Conjoined twins are identical twins * in which the two embryos * fail to separate completely before birth. It is thought that the condition results from incomplete splitting after the twelfth day of development. If a fertilized human egg divides into two embryos before the twelfth day, the identical twins are born normally as two separate infants. Conjoined twins were once referred to as Siamese twins named after Chang and Eng Bunker (1811–1874), a pair of male conjoined twins who were born in the Kingdom of Siam (now Thailand). The term is no longer considered appropriate.
George (born Dori) and Lori Schappell are conjoined twins born in Reading, Pennsylvania, in 1961. They are craniopagus conjoined twins who cannot be separated because they share about 30 percent of their brain tissue. Dori disliked having a name that rhymed with her sister's, so she changed it first to Reba and then, in 2007, to George.
The Schappell's are an example of the physical differences that can exist between conjoined twins. Lori is physically healthy, but George was born with spina bifida * . It was this physical condition that caused the them to be removed from their parents by court order in the early 1960s and placed in an institution for the mentally disabled even though neither had a learning impairment. After they became adults, the Schappell's fought to be released from the institution. They were able to attend college after their release.
The twins took turns working while the other attended school or began a career. George worked in a hospital while Lori finished college. Lori worked in a laundry and helped to manage George's career as a country music singer. George (who still called herself Reba when she began to sing) performed in Germany and Japan as well as in the United States, and won the L.A. Music Award for Best New Country Artist in 1997. George also worked as a designer of support equipment for disabled humans and pets and designed the custom wheelchair that she needs to use to avoid straining Lori's back and neck. George's spina bifida means that she is much shorter than her sister and must be raised to her sister's height in order to move around easily. George used a bar stool as the base of the wheelchair.
The Schappell's have maintained their individual personalities. Although they share an apartment, they have separate rooms, and George has pets whereas Lori does not. They have different groups of friends and attend different churches. Lori cuts her hair short and enjoys an occasional drink whereas George has colored her hair and avoids alcohol. Lori speaks in the Pennsylvania Dutch accent of the Reading area, but George has adopted a Southern drawl from her work in country music.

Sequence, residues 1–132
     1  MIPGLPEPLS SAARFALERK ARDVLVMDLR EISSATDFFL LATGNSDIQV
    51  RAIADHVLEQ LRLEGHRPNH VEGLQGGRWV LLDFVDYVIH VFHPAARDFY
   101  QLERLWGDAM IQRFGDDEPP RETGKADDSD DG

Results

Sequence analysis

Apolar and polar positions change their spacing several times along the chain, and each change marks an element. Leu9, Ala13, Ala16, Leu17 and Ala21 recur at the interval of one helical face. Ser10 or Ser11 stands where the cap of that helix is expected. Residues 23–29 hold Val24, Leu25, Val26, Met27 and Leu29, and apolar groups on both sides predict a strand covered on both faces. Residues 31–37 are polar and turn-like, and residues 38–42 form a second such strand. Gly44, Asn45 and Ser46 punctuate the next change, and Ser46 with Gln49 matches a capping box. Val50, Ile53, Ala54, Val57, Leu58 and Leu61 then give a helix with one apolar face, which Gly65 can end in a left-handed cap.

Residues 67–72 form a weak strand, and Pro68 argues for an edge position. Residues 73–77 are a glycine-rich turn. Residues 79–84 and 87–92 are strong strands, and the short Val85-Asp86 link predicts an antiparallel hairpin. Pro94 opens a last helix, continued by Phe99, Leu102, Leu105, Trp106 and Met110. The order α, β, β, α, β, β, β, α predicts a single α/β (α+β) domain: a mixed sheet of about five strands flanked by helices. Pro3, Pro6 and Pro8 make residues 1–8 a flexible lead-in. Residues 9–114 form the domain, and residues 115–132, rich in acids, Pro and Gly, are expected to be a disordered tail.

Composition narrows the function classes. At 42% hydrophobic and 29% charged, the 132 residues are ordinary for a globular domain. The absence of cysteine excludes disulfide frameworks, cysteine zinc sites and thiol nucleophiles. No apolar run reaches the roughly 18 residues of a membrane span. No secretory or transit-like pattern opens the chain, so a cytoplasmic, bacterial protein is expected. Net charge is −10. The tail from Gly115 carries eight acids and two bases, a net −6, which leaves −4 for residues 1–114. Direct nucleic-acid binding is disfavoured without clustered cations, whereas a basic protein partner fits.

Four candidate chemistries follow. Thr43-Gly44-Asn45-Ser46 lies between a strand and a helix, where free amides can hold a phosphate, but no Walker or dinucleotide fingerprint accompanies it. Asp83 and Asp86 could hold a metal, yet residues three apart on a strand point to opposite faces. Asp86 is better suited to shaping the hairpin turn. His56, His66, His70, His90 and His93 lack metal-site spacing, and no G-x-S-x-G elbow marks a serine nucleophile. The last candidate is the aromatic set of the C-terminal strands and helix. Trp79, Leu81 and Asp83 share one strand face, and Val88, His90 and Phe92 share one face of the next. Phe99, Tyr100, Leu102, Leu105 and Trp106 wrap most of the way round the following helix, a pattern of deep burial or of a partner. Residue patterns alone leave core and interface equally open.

Conjoined twins are identical twins that fail to separate completely during the mother's pregnancy. Identical twins are also known as monozygotic * because they are formed when a single fertilized egg from the mother divides to form two separate embryos during pregnancy. Conjoined twins are a rare subtype of identical twins that result from incomplete splitting after the twelfth day of embryonic development. The longer the delay in the separation of the two embryos, the more complicated the connections between the conjoined twins are likely to be.
In general, about 1 in every 90 human pregnancies results in twins. About 40 percent of all twins born are fraternal twins in which one baby is male and the other female. The next most common type is female fraternal twins, followed by male fraternal twins, female identical twins, and male identical twins. Conjoined twins are the rarest form of identical twins, occurring once in every 50,000 to 200,000 pregnancies. They are more likely to occur in Southwest Asia and Africa than in Europe or North America, but the reason for this geographical difference is not yet known. Seventy percent of conjoined twins are female.
Conjoined twins are at considerable risk of death during pregnancy; doctors estimate that between 40 and 60 percent of conjoined twins are stillborn and an additional 35 percent only survive one day after birth. Male conjoined twins are more likely than females to die before birth. Of conjoined twins that are born alive, females outnumber males by a ratio of three to one. In the United States, about one live birth in every 200,000 is a set of conjoined twins.
Conjoined twins are categorized in two major ways. Some doctors distinguish between symmetrical or equal conjoined twins, a condition in which both infants are well developed, and asymmetrical or unequal conjoined twins, in which an incomplete twin is joined to a fully developed sibling. The incomplete twin is sometimes called a parasitic twin because it depends on the overall health and body functions of the complete sibling. About 10 percent of conjoined twins are asymmetrical twins.
Conjoined twins are also classified according to the points at which their bodies are joined. This system goes back to a French biologist named Étienne Geoffroy Saint-Hillaire (1772–1844), who based his terms on the medical terms for parts of the body. The conjoined twins may share tissues, organ systems, or both, depending on the areas at which their bodies are fused: